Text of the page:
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Mobile phone radiation may push cells around

Author:Anti radiation sticker Date:2012-5-18 8:27:31
CAN the mobile phones radiation cause cancer or other health problems? 
Many researchers fear the answer is yes, yet they have been unable to come up with any plausible way that radiation from a phone could affect, let alone harm, biological tissue. Now research from Sweden suggests a possible answer: mobile phone radiation may cause a massive increase in the forces that cells exert on each other.
Finding an alternative mechanism is the "holy grail" for those who believe the mobile phone radiation is harmful, says Camelia Gabriel of Kings College London, who is carrying out research into microwaves as part of the Mobile Telecommunications and Health Research programme (MTHR) funded by the UK government. Ideas have been put forward, she says. "But there are no proven mechanisms."
Now Bo Sernelius, a physicist at Linkeping University in Sweden, has a new lead. He modelled the dielectric properties of cells. Water molecules have poles of positive and negative electric charge that are known to create attractive forces between cells, known as van der Waals forces. These are normally extremely weak, typically around a billion-billionth of a newton. Using a highly simplified mathematical model of two red blood cells, Sernelius calculated what effect electromagnetic fields created by different frequencies of radiation would have on the forces.
He found that the water molecules inside the cells attempt to align their positive and negative poles with the alternating field produced by the radiation. They all end up pointing in the same direction, and this strengthens the van der Waals forces.
According to Sernelius's figures, in fields of 850 megahertz — around the frequency used by mobile phones — the attractive forces appear to leap to micronewton strength. That is a huge jump of around 11 orders of magnitude, and completely unexpected, says Sernelius.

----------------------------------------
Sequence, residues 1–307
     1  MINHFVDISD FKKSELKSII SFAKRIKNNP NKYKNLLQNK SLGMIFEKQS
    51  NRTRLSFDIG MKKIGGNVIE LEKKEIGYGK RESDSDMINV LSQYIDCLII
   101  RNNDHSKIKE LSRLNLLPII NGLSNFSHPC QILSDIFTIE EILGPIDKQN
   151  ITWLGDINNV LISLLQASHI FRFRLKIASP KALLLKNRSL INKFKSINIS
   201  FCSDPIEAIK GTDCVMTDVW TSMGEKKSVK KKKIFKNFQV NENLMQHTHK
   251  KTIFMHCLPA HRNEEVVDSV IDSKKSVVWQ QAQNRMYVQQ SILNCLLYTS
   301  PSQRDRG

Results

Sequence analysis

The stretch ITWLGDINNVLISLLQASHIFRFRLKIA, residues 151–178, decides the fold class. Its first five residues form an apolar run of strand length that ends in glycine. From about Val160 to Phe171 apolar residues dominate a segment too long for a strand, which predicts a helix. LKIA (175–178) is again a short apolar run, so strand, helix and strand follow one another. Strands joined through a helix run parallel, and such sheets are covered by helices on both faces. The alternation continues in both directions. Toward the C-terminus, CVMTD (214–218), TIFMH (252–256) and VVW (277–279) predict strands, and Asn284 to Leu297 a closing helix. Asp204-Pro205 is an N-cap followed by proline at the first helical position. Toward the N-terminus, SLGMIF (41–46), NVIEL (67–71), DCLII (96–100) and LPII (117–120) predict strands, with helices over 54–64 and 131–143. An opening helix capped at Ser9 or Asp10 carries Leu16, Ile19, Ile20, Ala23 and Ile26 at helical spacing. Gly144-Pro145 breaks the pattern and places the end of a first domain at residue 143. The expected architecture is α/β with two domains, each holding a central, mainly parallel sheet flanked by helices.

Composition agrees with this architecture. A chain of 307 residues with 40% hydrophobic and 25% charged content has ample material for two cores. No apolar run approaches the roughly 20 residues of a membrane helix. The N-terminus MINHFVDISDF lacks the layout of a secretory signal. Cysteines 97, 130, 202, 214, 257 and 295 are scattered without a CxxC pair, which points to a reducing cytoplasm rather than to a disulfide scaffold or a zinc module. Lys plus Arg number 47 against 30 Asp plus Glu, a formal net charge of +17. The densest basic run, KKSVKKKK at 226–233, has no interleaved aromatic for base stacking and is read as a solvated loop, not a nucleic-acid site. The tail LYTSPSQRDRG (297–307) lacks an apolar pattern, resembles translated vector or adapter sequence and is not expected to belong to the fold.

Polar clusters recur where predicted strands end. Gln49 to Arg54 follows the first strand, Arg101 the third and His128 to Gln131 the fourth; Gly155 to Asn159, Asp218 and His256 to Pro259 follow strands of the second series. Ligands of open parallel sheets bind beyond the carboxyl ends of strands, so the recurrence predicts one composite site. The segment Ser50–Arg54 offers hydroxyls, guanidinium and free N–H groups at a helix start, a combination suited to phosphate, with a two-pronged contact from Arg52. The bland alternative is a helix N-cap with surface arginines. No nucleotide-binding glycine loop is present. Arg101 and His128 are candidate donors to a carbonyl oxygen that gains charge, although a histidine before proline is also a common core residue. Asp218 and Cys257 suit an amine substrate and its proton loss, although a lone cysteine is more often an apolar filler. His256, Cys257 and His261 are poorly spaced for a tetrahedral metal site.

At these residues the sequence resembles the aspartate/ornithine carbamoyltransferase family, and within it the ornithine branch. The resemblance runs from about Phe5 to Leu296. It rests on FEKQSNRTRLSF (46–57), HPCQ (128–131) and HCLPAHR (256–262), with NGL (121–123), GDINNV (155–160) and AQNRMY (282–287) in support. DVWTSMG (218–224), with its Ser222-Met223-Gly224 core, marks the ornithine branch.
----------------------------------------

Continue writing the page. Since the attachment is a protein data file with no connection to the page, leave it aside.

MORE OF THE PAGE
Sernelius's investigation is only theoretical, and adverse effects from cellphone radiation are unproven. But if the effect could be confirmed experimentally it could form the basis of an explanation for tissue damage: stronger attractive forces between cells might make them clump together, for example, or cause blood vessels to contract.
The finding is important, says Katie Daniel, deputy editor of the journal Physical Chemistry Chemical Physics, which has just published the study (vol 6, p 1363). "It highlights the idea that electromagnetic radiation might act on cells by affecting the attractive forces between them rather than simply causing heat damage to tissue."
Gabriel agrees that the new mechanism is plausible. But she points out that Sernelius's model is extremely simple, and what applies to two cells may not necessarily apply to more. "It needs to be tested experimentally," she says.
Sernelius suggests checking the dielectric properties of different types of biological tissue during exposure to radiation across the range of frequencies normally used by mobile phones, which is exactly what Gabriel and her colleagues are working on for the MHTR. Their results will be published in December.
"Water molecules inside the cells attempt to align their poles with the alternating field produced by mobile phone radiation"